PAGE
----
It seems that ancient Chinese history is good for more than just cutesy script on a fortune cookie.
Rumors of a conservative rebellion in the House of Representatives are beginning to get more attention. The Atlantic reports that 40 to 50 Republican members are ready to oust Speaker John Boehner (R-OH) and replace him with someone willing to work with conservatives in the ranks:
The conservatives’ exasperation with leadership is well known. And now, in discreet dinners at the Capitol Hill Club and in winding, hypothetical-laced email chains, they’re trying to figure out what to do about it. Some say it’s enough to coalesce behind—and start whipping votes for—a single conservative leadership candidate. Others want to cut a deal with Majority Leader Eric Cantor: We’ll back you for speaker if you promise to bring aboard a conservative lieutenant.
But there’s a more audacious option on the table, according to conservatives involved in the deliberations. They say between 40 and 50 members have already committed verbally to electing a new speaker. If those numbers hold, organizers say, they could force Boehner to step aside as speaker in late November, when the incoming GOP conference meets for the first time, by showing him that he won’t have the votes to be reelected in January.
This is a familiar tune, one that played loudly in conservative circles before the beginning of the 113th Congress. Unnamed sources claimed that enough House conservatives were going to abstain from backing Speaker John Boehner (R-OH) to force him out.
Though several conservatives did abstain from the vote by writing in other names, Boehner was reelected, getting just enough support to avoid a second round. He would go onto tell those in his caucus who voted against him that they wouldn’t be penalized.
Though House Republicans are several months from selecting their candidate for Speaker, which would take place shortly after the mid-term election, Jonathan Strong reports that there is support already building in the caucus to replace Boehner:
Top Republicans are hoping for a happy beginning to the next, 114th Congress, with the GOP taking control of the Senate and forcing President Obama on his heels for the last two years of his term.
But in the House, the clouds are already gathering over the first day of the next session, when the chamber votes to elect a Speaker.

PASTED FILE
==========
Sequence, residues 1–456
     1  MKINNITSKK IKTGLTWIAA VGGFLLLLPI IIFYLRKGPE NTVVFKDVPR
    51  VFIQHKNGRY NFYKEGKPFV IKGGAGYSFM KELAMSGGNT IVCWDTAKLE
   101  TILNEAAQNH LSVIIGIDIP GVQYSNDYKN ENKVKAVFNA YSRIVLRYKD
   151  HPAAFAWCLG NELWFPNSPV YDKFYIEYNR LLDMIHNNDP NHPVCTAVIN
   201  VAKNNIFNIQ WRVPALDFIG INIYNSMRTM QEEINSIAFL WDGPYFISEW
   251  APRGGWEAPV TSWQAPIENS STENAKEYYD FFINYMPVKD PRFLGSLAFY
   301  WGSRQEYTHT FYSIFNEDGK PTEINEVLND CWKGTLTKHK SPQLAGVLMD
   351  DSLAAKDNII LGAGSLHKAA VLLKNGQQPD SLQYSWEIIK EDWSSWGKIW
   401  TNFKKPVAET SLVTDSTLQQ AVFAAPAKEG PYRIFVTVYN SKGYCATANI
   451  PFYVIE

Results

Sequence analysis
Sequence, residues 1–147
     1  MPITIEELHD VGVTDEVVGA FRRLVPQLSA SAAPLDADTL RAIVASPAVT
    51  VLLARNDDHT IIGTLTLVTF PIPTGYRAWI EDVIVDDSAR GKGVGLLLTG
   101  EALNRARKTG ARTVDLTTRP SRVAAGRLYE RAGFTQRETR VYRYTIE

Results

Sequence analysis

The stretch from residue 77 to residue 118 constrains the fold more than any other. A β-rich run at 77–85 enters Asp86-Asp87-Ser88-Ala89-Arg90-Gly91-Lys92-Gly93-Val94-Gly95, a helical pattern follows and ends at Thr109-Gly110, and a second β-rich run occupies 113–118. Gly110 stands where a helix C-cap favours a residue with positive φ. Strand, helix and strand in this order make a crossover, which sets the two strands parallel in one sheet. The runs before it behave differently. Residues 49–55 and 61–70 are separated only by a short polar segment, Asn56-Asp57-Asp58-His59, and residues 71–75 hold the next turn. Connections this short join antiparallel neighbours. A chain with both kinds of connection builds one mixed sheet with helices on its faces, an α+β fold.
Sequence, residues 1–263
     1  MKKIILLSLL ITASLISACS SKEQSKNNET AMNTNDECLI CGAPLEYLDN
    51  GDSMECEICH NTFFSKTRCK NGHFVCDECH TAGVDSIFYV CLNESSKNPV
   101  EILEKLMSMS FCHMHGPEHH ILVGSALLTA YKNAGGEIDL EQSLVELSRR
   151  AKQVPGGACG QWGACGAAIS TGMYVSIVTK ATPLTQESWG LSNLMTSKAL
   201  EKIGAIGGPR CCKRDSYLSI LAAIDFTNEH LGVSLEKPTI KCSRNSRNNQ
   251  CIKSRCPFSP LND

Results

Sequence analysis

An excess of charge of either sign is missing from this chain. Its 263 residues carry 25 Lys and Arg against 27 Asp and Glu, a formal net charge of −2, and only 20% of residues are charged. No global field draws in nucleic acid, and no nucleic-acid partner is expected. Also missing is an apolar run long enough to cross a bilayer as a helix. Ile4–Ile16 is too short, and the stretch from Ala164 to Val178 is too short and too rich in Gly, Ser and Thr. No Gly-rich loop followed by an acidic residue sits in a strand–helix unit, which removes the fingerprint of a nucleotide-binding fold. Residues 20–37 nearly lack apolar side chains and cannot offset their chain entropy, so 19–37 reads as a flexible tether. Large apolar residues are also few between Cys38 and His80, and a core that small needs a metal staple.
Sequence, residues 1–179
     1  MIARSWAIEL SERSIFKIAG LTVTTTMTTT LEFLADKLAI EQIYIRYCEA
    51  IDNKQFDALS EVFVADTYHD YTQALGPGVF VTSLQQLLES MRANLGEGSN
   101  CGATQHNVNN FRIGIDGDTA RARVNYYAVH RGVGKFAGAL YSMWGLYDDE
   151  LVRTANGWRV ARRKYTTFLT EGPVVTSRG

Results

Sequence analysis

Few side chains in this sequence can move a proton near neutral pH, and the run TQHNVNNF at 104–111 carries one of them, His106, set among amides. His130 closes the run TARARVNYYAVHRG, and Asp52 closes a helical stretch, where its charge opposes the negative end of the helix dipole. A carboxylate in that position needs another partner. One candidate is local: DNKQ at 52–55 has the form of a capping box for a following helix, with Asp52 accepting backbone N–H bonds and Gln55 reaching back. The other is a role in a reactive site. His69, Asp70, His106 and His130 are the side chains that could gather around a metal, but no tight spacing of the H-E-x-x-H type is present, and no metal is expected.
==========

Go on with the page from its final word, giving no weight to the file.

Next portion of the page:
“My sense at the present time that the Speaker doesn’t have the support of the conference,” says South Carolina Republican Rep. Jeff Duncan about John Boehner. Another member of the House privately estimates that 40 Republican lawmakers would vote against Boehner on the floor and says “I’ve seen a running total.”
House Minority Leader Nancy Pelosi (D-CA) is trying to play down the impact that Obamacare will have in the 2014 mid-term election, claiming that Democrats will continue to embrace the law on the campaign trail:
Republicans are “wasting their time” using ObamaCare as an electoral issue, House Democratic Leader Nancy Pelosi (Calif.) said Thursday.
Days after the healthcare law was seen as a decisive issue in her party’s special election loss in Florida, Pelosi insisted GOP attacks would backfire and that Democrats would embrace ObamaCare on the campaign trail.
“I think the Republicans are wasting their time using that as their electoral issue, and they will find that out,” she said.
Pressed by a reporter whether Democrats should shy away from the issue on the campaign trail, Pelosi didn’t hesitate.
“No, absolutely not,” she said.
Remember when Pelosi was Speaker of the House? That was, of course, before the 2010 mid-term election, in which Republicans gained 63 seats and rendered her to “Minority Leader” status. She’s apparently forgotten that the 2010 election, which was seen as a referendum on Obamacare, and her subsequent demotion.
If Democrats are so keen on Obamacare, why is the pro-Democrat House Majority PAC running ads in toss-up districts that are critical of both the rollout of the law and ostensibly criticizes regulations that to caused millions of Americans to lose their health plans.